This is going to sound like I'm contradicting myself from point #1, but a year of Nolan Arenado's control almost certainly relies on him staying in the minor leagues for just three weeks. Heck, I'm still not really convinced that he's our best option at third base right now. I definitely advocate bringing him up at mid-season and giving him a taste of the big leagues, but not before he's ready - especially when it's a smart financial decision as well.
In addition, Colorado actually does have some assets that other teams might want. Say what you will about Michael Cuddyer, but he obviously has some trade value around the league. The Rockies need to at least be a little more open to the idea of trading an older, expensive asset for some younger ones (please give us anything for Ramon Hernandez). Or maybe a team wants to trade a guy like Tyler Colvin who might be at his peak value. Rafael Betancourt is a luxury the Rockies don't need and he's signed at a nice price, making him a good trade chip as well. I'm not saying trade every veteran player - I'm just asking the Rockies to consider it more strongly.
Also, play Jonathan Herrera less and DJ LeMahieu more. Pretty please.
3. Really make 2013 the Year of the Fan
My biggest worry about the 2013 season is that attendance drops off sharply and the Rockies withdraw into an austerity death spiral with respect to declining revenue and payroll. My concerns are mitigated somewhat by the excellent job the Rockies organization has done with turning a Rockies game at Coors Field into a great experience regardless of on-field outcome. However, at some point the losing will really drive the fans away.
So what's the next best thing to winning? Nostalgia! I actually think that Colorado has done a pretty good job so far in getting the band back together from the Blake Street Bomber days. The 90's were a happy time in Rockies baseball despite a lack of on-field success, a time that evokes memories of a packed Coors Field for many casual Rockies fans. It will also probably be franchise icon Todd Helton's final year for the team, which will have a similar effect on fans. Those Colorado fans might need those positive memories to get them through 2013.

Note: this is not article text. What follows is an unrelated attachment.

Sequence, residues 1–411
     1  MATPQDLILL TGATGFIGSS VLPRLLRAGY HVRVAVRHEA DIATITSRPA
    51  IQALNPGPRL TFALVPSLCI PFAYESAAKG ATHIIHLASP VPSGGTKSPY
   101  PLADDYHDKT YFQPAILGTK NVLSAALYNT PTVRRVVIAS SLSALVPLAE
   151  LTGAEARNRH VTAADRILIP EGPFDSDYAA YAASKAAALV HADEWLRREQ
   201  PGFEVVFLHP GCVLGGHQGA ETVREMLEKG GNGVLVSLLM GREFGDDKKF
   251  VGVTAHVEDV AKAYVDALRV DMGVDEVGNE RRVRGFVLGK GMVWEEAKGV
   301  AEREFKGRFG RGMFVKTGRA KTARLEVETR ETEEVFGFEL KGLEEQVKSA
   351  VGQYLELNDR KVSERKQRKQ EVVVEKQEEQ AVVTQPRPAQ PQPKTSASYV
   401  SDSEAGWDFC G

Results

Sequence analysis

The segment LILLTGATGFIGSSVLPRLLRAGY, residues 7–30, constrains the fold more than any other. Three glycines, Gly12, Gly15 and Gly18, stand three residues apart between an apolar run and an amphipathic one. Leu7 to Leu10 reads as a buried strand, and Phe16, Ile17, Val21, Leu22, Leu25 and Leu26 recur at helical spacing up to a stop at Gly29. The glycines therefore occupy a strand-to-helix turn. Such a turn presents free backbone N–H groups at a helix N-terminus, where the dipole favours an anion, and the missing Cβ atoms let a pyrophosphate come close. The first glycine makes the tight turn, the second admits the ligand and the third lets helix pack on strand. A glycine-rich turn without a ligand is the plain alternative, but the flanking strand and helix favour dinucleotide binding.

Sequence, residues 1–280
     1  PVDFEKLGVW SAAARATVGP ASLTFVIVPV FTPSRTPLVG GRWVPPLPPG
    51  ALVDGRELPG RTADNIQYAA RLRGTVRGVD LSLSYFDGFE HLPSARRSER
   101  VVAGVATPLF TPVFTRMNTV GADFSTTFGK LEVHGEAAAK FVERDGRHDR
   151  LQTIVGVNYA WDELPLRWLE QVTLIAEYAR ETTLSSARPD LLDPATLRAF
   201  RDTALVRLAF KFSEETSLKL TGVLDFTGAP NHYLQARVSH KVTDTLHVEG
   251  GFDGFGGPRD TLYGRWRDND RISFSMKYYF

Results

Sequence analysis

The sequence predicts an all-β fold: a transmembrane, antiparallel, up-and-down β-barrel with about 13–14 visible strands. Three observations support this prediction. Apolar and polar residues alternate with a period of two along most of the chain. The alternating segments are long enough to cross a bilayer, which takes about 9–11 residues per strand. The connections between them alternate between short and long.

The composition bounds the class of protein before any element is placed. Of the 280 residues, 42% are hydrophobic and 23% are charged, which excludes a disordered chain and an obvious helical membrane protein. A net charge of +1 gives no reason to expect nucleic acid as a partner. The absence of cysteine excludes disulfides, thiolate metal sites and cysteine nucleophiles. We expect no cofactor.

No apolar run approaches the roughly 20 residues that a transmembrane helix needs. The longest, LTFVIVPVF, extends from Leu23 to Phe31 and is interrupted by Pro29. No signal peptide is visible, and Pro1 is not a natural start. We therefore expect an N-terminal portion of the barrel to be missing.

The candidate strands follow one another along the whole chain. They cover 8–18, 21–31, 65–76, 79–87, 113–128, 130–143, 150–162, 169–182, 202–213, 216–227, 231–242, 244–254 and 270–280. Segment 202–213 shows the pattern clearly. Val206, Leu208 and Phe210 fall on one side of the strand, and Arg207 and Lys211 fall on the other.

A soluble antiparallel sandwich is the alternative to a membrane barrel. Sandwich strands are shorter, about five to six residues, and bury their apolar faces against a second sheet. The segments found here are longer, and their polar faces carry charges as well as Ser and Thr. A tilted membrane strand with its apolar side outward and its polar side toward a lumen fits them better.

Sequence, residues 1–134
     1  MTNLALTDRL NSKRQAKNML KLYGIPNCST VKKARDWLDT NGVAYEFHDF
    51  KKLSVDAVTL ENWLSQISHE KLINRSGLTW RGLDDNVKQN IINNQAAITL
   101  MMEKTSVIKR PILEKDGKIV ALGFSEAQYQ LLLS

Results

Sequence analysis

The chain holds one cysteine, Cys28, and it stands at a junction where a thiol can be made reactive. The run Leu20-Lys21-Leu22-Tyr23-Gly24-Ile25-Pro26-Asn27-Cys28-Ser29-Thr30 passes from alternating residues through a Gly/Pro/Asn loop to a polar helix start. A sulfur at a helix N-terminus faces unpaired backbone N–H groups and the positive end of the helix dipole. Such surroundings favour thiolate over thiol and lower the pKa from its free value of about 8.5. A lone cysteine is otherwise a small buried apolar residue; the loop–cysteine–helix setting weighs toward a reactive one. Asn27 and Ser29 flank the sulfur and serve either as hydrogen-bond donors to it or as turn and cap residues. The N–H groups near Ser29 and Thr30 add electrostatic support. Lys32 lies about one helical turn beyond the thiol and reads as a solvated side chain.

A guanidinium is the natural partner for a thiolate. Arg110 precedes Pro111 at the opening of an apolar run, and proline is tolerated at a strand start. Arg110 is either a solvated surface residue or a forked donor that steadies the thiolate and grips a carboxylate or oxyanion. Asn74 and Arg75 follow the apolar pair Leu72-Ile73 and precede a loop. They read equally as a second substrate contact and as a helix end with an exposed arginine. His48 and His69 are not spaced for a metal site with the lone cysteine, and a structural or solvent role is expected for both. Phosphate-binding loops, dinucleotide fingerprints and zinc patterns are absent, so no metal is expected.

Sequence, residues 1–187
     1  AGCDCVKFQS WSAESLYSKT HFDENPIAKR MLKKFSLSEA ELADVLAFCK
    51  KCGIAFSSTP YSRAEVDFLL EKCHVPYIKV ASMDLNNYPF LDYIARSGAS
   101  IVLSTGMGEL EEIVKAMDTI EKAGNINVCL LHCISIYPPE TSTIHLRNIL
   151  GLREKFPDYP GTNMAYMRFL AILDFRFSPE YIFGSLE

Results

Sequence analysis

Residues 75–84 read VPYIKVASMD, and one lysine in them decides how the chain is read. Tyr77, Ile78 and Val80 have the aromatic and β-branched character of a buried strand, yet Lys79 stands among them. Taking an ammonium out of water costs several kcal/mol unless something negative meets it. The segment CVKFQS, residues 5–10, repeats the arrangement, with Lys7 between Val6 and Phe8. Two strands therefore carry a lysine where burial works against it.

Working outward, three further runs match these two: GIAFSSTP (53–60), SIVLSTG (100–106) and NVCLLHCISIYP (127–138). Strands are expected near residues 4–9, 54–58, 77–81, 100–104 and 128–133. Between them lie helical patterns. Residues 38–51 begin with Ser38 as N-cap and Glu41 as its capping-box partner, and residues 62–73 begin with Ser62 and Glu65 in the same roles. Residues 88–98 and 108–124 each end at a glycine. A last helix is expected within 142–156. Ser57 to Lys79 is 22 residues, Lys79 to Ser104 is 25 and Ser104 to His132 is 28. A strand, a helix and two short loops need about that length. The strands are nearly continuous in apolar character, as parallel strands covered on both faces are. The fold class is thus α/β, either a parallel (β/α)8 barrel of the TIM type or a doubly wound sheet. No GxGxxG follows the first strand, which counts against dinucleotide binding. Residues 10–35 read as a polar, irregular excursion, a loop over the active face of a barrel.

Really, I'm not trying to be a purveyor of doom and gloom here. I will enjoy the 2013 season immensely - I just hope that Colorado will go about being a mediocre team in a way that is conducive to future success.
Fangraphs Positional Power Rankings Update
The extremely optimistic Fangraphs projections I mentioned last week? As suspected, they hadn't included park effects in the position player summaries. I also happen to think that the SP numbers (which had the Rockies at 19th in the league) probably over-correct for Coors' impact. The relief staff placed 2nd in the league, mostly on the higher volume of innings they'll be throwing.
Using the 38 win replacement level floor suggested by Dave Cameron, 21 WAR for the offense plus 17 WAR for the pitching staff in 2013 = 38 WAR, or 76 wins in 2013. Which sounds about right to me.
Sports on Earth has their NL West scouting report up. It's a pretty detailed run-down of the teams in the division and is worth a read.
ESPN's NL West preview shows the Rockies winning between 66-76 games this year.
Walt Weiss talked with Thomas Harding about his managerial philosophies.
Keith Olbermann writes a glowing review of the Colorado/Arizona spring facility - Salt River Flats at Talking Stick. I really need to get down there myself.
Chris Nelson answered fan questions in a Denver Post chat session.
Finally, Tom Verducci writes about the age of parity in MLB.